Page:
Rollerblading Onto the Musical Scene in the Philadelphia Inquirer Magazine
Updated: Dec 23, 2018
Mar 24 2005
by Daniel Rubin, Philadelphia Inquirer
A debut song draws attention.
The dynamo behind a song on two Village Voice “Best of 2004” lists rolls into her store off Kelly Drive.
“Glide, slide, save your hide,” chants Jen Goldstein, demonstrating her approach to falling – bending her right leg, dragging her padded knee along the carpet, and reaching forward with her hands.
“I call this ‘grabbing my imaginary magic table.'”
Don’t figure this diminutive whirl spouting instructional rhymes for being a little flighty. She’s a Wharton grad who breaks most things into simple equations.
Owner of the gear shop called Drive Sports, at 26th Street and Pennsylvania Avenue, Goldstein describes herself as a natural klutz who learned to roller-blade by trial and error, analyzing her missteps. “If this happens,” she says, “it’s because of that.”
The analytical mind and a love of funk made it natural for her to write an instructional skating song.
What isn’t so natural is landing your first recording on the Voice’s prestigious Pazz & Jop poll.
Goldstein, had an idea for some learn-to-skate songs and started looking for a collaborator. Through Taxi.com, a site for unsigned talent, she found Peter Panagakos, a Montreal-born multi-instrumentalist who was living in Philadelphia.
The first song they worked on became “Boogie Back Rap,” which Goldstein wrote to teach roller-bladers how to skate in reverse.
“As soon as they say it’s time to skate backwards, everybody clears the rink,” says Goldstein, a native of Gainesville, Fla. So she tells how it’s done in an infectious dance number with lyrics like:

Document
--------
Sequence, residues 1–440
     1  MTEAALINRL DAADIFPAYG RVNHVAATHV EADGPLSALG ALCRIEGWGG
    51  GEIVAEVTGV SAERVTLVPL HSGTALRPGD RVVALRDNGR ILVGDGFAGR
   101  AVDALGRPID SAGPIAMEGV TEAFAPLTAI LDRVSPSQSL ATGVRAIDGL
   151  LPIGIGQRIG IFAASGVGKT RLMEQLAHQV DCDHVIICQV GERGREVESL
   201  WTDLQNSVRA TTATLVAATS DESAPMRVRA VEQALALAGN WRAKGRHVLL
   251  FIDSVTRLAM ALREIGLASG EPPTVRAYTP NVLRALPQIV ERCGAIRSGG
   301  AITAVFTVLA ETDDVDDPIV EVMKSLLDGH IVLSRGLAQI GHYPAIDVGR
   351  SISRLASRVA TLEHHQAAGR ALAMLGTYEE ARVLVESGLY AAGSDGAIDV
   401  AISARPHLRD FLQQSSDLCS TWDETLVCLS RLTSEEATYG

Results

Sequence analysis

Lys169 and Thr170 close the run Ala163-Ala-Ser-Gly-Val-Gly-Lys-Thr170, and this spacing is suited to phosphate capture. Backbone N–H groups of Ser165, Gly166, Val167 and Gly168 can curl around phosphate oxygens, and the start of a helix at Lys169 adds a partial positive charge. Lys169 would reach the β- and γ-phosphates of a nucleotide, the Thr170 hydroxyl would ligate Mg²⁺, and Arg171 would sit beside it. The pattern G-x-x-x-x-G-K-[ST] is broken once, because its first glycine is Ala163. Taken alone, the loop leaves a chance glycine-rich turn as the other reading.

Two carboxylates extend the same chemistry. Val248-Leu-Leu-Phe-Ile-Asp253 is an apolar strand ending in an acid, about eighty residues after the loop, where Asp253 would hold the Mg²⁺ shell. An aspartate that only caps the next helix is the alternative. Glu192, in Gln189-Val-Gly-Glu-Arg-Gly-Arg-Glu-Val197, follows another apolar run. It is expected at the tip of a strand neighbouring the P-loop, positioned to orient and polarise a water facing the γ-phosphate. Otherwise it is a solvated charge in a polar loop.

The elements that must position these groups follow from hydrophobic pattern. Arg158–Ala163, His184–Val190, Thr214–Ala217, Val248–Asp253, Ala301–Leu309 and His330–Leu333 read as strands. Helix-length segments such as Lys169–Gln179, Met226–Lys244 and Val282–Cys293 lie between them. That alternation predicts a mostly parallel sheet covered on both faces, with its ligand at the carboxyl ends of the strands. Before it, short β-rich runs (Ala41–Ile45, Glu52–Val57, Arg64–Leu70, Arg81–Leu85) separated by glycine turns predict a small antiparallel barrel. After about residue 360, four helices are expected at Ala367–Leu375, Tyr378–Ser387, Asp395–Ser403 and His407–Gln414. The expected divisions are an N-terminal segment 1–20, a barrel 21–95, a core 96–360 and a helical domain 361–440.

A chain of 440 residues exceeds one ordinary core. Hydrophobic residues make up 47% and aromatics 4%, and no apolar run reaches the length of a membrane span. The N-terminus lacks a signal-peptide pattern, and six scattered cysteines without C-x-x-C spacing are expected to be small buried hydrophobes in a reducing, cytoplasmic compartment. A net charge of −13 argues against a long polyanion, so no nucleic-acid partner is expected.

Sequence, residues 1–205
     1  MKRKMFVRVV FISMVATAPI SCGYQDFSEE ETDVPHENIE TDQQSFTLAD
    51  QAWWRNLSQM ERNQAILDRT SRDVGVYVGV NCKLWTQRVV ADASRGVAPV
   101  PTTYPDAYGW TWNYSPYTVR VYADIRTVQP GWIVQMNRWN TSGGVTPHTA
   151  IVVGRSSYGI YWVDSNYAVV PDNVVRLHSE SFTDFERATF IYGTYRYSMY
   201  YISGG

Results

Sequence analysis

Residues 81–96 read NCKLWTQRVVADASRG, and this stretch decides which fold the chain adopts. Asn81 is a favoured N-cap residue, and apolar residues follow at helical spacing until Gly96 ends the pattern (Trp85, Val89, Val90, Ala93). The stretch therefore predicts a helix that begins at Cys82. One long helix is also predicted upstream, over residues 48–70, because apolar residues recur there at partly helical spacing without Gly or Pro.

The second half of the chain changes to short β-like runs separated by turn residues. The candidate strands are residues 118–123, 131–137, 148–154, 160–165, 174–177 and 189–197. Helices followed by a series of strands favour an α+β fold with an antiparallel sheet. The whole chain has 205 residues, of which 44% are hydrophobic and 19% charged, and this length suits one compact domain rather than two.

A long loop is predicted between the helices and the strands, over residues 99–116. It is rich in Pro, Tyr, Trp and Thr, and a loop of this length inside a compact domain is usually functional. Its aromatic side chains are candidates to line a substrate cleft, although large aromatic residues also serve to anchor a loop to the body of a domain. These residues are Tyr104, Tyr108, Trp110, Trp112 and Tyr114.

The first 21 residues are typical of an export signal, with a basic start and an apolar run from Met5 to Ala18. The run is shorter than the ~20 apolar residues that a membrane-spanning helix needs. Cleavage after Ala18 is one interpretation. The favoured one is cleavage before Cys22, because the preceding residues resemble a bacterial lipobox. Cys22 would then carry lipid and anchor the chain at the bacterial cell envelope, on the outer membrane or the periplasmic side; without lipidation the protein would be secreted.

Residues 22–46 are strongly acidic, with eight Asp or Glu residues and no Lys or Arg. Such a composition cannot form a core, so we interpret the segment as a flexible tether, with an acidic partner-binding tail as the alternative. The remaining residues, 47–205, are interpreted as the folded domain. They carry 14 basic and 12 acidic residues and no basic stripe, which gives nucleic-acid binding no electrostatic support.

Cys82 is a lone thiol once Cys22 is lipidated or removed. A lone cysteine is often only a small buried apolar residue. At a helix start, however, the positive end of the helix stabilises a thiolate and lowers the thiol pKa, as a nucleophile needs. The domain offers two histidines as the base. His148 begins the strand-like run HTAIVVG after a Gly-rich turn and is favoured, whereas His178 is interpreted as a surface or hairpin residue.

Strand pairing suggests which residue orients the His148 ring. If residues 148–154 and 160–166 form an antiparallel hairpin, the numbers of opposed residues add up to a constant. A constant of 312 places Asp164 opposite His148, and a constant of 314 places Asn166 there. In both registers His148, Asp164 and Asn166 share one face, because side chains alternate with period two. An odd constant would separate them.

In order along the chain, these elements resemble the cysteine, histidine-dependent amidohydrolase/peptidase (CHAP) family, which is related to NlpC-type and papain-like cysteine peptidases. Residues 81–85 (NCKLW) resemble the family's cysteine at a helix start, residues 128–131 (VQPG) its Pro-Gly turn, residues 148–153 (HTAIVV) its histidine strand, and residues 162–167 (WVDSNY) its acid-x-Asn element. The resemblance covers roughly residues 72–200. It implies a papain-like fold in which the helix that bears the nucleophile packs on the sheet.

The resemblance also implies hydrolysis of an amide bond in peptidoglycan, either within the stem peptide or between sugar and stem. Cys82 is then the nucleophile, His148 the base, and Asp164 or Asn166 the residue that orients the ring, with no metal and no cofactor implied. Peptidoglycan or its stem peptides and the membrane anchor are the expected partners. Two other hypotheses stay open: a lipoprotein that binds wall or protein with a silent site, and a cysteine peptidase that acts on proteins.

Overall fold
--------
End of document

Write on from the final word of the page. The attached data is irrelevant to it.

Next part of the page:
Stand up first, point arms ‘n’ nose.
Turn heels out, weight on toes.
The duo, who record under the name “phat sk8trax,” dropped off a copy of the single at the Voice’s front door in Greenwich Village in late summer.
It found its way to music editor Chuck Eddy, who was moved. So was critic Don Allred. Both named it in their top-10-singles-of-the-year lists.
“Just the idea seemed pretty cool,” Eddy recalls. “I actually like the way she rapped. I didn’t think she was attempting to be anything. Just the energy and exuberance immediately grabbed me.”
When he got the CD, Eddy wasn’t even sure if phat sk8trax was the name of the artist or the song until he played it.
The track reminded him of “this really brief post-disco genre of roller-skating music that existed for two months in 1980, records like Vaughan Mason’s ‘Bounce, Rock, Skate, Roll.’ ” At a time when artists are self-consciously trying to re-create the sound of the new-wave era, the track worked “without making too big a deal about it,” Eddy says. “Once in a while that will happen. This record from nowhere that seems to have no connection with what are supposed to be the ‘important’ trends will show up in my mailbox. Partly because of that, I found it really endearing.”
The CD single runs 30 minutes, with seven versions of the song, including old-school, new-school-acoustic, and karaoke renditions.
Next up is a full-length CD with 11 songs about roller-blading, due out next month. A video and instructional DVD may be next. The Pazz & Jop mentions prompted music-industry moguls to start e-mailing Goldstein.
But she is focused on her rental and teaching business, and the return of color and people to the Schuylkill.
“Spring is coming,” she says, talking fast and spinning slowly. “Soon.”